That’s why this development and Kevin’s potential return makes me nervous. As much as I like the guy and want him to stick around, if he does, that will be a definitive dive into a more supernatural territory. I have no doubt it will navigate it in an interesting way — I hadn’t even thought that he might appear to Nora, as you mentioned — but I worry about this show losing that delicious sense of ambiguity by making a clear step in the direction of the mystical.
But then, maybe a return would be somehow ambiguous. The show’s writing acrobatics are astonishing. In just one episode this season, they made me care about Tom and Laurie, two characters who previously bored me. It takes intensely strong characterization and self-aware writers to pull that off. I find myself not wanting to see Kevin’s “battle” with Patti play out: I hope it’s implied but unclear. I’m more interested in a showdown between Kevin and John Murphy. What do you think, Winston, will this show lose something if more supernatural stuff seeps in, or if it continues to navigate it the right way, will it maintain its depth?
Winston: It is hard to say. It could pull it off by being subtle, without showing any big, supernatural Events. After all, it didn’t depict the departure, just those who were left returning to find their loved ones completely gone. Perhaps all the magic will arrive at once.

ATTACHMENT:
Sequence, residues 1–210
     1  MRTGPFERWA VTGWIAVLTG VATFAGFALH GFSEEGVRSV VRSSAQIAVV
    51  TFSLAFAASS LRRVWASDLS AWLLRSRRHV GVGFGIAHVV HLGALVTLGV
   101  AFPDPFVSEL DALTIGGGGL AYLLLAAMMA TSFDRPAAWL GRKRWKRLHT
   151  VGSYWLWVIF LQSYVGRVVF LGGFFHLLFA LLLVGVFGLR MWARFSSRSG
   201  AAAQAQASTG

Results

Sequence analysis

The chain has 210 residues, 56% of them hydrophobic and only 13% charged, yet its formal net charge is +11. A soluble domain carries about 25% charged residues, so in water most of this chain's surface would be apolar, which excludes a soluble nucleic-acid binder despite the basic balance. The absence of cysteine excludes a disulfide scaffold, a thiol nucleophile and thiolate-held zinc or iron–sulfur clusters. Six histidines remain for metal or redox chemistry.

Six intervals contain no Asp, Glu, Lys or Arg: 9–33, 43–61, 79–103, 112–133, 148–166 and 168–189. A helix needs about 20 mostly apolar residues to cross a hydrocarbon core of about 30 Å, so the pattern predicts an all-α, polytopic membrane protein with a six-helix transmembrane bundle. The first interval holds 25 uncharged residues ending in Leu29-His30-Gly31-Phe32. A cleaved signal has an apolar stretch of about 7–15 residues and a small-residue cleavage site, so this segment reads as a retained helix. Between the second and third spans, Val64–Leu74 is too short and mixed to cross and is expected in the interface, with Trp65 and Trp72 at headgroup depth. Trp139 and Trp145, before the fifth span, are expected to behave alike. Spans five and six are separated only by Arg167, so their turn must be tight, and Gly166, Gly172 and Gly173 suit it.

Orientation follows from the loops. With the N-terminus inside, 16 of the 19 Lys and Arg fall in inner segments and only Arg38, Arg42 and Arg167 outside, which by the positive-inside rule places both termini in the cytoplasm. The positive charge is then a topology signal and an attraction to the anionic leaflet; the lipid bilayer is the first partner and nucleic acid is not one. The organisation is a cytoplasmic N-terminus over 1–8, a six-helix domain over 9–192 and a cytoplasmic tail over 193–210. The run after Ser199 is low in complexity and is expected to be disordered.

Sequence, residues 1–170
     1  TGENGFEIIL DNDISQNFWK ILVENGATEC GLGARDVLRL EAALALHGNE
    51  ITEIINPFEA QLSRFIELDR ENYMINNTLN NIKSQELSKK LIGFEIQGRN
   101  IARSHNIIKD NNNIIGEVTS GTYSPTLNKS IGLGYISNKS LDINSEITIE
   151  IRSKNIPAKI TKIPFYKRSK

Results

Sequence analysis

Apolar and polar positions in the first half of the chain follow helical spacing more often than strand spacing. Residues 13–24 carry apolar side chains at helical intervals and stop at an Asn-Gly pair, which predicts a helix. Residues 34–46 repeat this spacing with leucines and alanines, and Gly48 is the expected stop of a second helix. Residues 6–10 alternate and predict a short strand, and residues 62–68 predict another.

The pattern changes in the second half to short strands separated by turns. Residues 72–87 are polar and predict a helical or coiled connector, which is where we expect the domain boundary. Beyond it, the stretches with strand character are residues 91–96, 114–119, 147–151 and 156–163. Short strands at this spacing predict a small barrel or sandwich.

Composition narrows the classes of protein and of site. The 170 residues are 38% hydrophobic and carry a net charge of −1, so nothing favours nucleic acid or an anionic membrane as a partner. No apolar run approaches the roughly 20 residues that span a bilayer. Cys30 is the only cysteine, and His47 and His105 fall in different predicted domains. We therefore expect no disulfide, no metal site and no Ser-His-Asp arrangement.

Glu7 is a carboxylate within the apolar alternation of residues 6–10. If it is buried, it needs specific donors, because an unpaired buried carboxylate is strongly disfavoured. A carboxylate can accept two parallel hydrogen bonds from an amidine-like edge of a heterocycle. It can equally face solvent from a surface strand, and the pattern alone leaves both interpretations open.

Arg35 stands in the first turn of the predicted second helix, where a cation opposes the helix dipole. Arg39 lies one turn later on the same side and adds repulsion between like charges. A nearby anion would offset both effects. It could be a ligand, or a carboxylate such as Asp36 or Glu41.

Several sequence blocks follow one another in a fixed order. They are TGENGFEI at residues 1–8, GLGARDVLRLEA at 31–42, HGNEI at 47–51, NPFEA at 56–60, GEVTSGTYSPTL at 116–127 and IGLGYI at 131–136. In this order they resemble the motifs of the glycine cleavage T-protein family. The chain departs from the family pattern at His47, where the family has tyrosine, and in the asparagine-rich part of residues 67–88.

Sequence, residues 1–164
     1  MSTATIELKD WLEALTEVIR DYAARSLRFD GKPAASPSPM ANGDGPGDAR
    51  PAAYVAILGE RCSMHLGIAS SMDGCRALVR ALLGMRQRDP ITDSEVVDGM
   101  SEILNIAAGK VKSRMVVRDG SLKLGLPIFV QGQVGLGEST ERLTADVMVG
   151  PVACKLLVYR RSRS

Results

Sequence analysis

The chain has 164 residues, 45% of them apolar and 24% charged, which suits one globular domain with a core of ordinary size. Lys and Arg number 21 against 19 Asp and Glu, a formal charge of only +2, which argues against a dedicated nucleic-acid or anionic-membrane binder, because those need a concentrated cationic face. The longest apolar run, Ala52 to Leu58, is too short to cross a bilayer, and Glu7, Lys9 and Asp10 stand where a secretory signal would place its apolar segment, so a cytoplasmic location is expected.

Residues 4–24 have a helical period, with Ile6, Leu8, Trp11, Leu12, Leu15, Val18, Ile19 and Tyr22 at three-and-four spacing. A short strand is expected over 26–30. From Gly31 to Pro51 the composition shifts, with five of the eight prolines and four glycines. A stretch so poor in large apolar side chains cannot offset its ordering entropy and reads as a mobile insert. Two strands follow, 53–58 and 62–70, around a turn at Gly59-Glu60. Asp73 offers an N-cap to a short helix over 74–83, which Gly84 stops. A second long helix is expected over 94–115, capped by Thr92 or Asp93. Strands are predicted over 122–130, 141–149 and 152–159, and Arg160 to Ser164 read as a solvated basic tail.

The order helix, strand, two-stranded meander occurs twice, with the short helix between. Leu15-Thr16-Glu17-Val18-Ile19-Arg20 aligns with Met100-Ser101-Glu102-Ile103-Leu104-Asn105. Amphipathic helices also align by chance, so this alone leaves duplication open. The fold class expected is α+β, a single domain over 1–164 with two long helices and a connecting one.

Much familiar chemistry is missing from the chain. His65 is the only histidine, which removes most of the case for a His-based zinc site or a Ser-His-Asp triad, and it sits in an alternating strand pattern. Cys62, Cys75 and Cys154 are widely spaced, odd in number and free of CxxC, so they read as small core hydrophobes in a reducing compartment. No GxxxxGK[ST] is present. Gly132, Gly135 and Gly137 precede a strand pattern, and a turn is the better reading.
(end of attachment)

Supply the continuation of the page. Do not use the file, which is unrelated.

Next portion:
One way or the other, I think — from what we’ve seen this season — that we’ll get all the explanation we need. I’m sure Lindelhof doesn’t really want another Lost situation — to risk an almost unanimously dissatisfied viewership. But maybe he DGAF and remains concerned with following his own obscure move. Or he realizes he’s automatically got a different viewership in the second season of a polarizing HBO show, with viewers who expect the unexpected.
But it feels like 50/50 of the viewership is gonna be mad about this ending. If he executes it astutely — gets all the points he wants to make in an effective order — I won’t be upset, even if we have dangling threads. Kevin continuing to be a character doesn’t seem like a foregone or necessarily bad conclusion. But you never know — maybe Theroux really wants to get back to making movies and being at home with Jennifer A, and this is just a kind of crude way to excuse him from a potential Season 3. Like The Leftovers, the TV industry works in mysterious ways.